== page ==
“When I get nervous,” says a young woman named Rebecca, “I shut down. I go blank.” She sits in a circle of 20 in a dance studio in Manhattan. Everyone takes turns introducing himself, explaining what brought him out on a Saturday evening to a dating coach’s class for the socially anxious.
Rebecca is a college student who is “obsessed” with the video game Zelda. She has long wavy hair and a sweet face (although she tells me later that when she gets nervous, her eyebrows pull together and make her look angry). Despite being one of the youngest and one of the few women in the group, Rebecca quickly establishes herself among the most candid. By contrast, several other students fidget, stare at the floor, and admit nothing.
“Girls feel really comfortable around me,” one man tells me.
Another says, “I used to be shy.”
Not all of tonight’s participants have been diagnosed with social anxiety disorder, but whether they’ll admit it aloud or not, they all know that they have something like it. Most of them learned about the workshop through the New York Shyness and Social Anxiety Meetup; with more than 2,500 members, it’s the largest social anxiety meet up in the world, according to the group’s leader, Erik Silverman.
Social Anxiety Disorder first appeared in the Diagnostic and Statistical Manual of Mental Disorders in 1994, and the label remains controversial: Why pathologize a trait as lovely as shyness? Still, the Food and Drug Administration approved the drug company GlaxoSmithKline to market Paxil as the antidote (“Imagine being allergic to people,” the ad said), and soon, both Paxil prescriptions and social anxiety disorder diagnoses were on the rise.
So what does render shyness a pathology? If someone’s shyness “has caused impairment in his life,” then it’s a disorder, says Barrie Rosen, a clinical psychologist in Manhattan. Picture the person who can’t ask for directions without succumbing to a panic attack, who sweats profusely upon entering a grocery store, never mind a party. Picture, in extreme cases, years of isolation leading to depression, substance abuse, even suicide. Picture someone so afraid of social interaction he can’t hold a job or make friends. Picture a person with no love life. Medication and cognitive behavioral therapy may help these people, so seeing a doctor is important.
But 32-year-old dating coach Chris Luna disagrees: “There’s another way to deal with this.”
Luna’s dating instruction company, Craft of Charisma, has been coaching within the “social anxiety community” for years. Now he holds seminars every Saturday night that teach his clients topics including how to approach strangers, how to seduce women and how to get out of their own way.
Tonight’s class is a general social skills workshop. Luna splits the group into pairs and teaches them a mirroring exercise: Partner 2 should imitate the body language of Partner 1. Ultimately, he explains, mirroring builds rapport.
So, one pair stands staring at each other, each touching his own ears. A woman holds her own stomach, and the man she’s partnered with copies.
“Isn’t this kind of awkward?” I ask Luna.
“I just want to get them out of their own heads — focused on the other person,” he says. “That’s their problem. They’re stuck in their heads.”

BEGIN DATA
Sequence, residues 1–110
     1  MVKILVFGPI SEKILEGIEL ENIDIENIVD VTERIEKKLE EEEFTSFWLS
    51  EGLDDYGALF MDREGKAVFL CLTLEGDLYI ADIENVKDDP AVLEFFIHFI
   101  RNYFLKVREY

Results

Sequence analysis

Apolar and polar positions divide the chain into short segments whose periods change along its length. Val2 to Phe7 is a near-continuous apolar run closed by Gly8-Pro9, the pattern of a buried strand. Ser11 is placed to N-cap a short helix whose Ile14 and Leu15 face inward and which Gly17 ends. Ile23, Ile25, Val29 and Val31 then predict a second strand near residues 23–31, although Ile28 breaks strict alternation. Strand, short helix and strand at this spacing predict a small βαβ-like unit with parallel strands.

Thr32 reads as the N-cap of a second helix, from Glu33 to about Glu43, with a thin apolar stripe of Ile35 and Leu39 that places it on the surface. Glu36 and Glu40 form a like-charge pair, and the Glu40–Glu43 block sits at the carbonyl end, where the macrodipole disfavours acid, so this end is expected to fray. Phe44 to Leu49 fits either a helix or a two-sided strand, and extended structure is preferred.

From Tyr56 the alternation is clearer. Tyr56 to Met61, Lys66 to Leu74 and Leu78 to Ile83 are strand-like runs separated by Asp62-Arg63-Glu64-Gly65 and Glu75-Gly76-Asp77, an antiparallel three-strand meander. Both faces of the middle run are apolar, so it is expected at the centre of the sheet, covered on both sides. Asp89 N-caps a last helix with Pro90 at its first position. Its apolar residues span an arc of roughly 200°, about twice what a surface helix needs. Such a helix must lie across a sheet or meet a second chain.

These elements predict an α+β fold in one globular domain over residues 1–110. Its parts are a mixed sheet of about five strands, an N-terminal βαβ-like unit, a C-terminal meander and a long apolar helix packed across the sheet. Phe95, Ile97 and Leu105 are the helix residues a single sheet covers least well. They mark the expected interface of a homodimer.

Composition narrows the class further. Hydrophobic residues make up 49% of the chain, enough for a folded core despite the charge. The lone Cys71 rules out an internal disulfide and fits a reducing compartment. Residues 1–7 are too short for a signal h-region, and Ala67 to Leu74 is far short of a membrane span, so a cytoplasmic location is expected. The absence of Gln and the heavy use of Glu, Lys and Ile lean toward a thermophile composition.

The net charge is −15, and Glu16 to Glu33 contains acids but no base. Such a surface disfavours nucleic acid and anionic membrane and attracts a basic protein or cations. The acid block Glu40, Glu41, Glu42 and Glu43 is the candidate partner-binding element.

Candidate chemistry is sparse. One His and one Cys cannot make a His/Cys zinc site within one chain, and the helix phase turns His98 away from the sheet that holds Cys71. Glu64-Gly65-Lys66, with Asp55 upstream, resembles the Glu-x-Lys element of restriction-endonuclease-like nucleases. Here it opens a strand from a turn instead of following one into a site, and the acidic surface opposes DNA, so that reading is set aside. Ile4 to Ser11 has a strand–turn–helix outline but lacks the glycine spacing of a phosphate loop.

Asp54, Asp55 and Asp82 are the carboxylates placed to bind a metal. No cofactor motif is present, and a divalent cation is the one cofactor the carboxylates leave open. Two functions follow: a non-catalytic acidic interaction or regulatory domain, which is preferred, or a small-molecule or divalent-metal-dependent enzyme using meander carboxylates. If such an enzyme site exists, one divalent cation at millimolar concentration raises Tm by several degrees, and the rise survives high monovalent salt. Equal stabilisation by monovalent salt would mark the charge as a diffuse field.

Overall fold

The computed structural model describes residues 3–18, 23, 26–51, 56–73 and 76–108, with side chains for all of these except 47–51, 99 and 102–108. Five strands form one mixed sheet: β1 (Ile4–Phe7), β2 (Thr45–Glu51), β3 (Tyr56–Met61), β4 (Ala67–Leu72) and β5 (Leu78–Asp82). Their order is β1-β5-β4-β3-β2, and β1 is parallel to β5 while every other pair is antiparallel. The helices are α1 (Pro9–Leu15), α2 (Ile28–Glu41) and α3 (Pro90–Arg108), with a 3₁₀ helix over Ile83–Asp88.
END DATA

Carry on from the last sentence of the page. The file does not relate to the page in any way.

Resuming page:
He is onto something. A few minutes into the exercise, throughout the room, ones and twos stand smiling at one other, their bodies less tense, their conversations less stilted. The ice is broken. Still, a ripple of terror moves through the room when Luna announces the next exercise: tag-team storytelling. Some shake their heads and back away from the circle. Luna stands in the middle. “Pick a topic,” he says. “Let’s say … Facebook.” Walking around inside the circle and making eye contact with each student, he tells a story about receiving a Facebook invitation to a party. “As soon as I say something that makes you think of something else,” he says, “yell, ‘Freeze!'” The idea is that the person in the middle will rejoin the circle and the person who yelled “Freeze!” will take his place as the storyteller. “Don’t forget to make eye contact with everyone,” Luna adds.
The point of the exercise is to teach assertiveness: A socially anxious person might find himself shrinking from a group conversation, thinking of things he might like to say but missing his window, growing silent and increasingly uncomfortable as the banter volleys above his head. The storytelling exercise simulates a conversational atmosphere that gives everyone permission to jump in while still leaving it up to each person to take the initiative.
A guy who just moved to New York from France enters the middle of the circle and talks about traveling in India. It’s a meandering narrative riddled with generalities, and although he doesn’t sound nervous, when he turns away from me, I see his fingers trembling violently behind his back. After a few more stories like that one, Luna offers some tips: Focus on something specific. Use details. If you’re talking about a car, give us its make and color.
The final exercise of the night is a touch game. You can’t get close with people if you’re afraid to touch them, Luna says. Two people stand in the middle of the circle and must keep both hands on each other at all times. When one speaks, he or she must find a new way to touch the partner. The game is painful to watch. Imagine robots playing Twister. But whereas two hours ago people weren’t engaging at all, now everyone howls as the pair finds creative ways to make contact.
Several people even hang around to chat after class ends.
15,000,000: Approximate number of Americans who have social anxiety disorder, according to the National Institute of Mental Health.
Original Article on Chicago Tribune